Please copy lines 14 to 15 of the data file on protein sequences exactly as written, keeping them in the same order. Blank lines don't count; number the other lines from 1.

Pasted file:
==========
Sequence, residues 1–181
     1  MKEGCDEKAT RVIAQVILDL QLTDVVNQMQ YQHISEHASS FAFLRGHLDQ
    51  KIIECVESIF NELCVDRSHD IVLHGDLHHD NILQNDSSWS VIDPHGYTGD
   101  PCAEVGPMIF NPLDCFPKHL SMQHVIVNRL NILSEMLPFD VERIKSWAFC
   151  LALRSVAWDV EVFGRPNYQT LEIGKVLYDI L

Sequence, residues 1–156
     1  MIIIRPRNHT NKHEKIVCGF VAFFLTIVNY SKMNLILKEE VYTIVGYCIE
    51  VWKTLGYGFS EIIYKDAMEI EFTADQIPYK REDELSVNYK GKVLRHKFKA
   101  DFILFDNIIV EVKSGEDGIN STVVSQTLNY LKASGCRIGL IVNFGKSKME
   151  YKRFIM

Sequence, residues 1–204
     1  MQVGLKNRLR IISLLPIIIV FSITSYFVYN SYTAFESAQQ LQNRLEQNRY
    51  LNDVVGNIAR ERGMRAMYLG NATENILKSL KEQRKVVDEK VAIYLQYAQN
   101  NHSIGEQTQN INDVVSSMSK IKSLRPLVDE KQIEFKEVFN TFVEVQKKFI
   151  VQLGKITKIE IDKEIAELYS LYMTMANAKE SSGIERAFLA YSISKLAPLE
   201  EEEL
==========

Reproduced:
   101  NHSIGEQTQN INDVVSSMSK IKSLRPLVDE KQIEFKEVFN TFVEVQKKFI
   151  VQLGKITKIE IDKEIAELYS LYMTMANAKE SSGIERAFLA YSISKLAPLE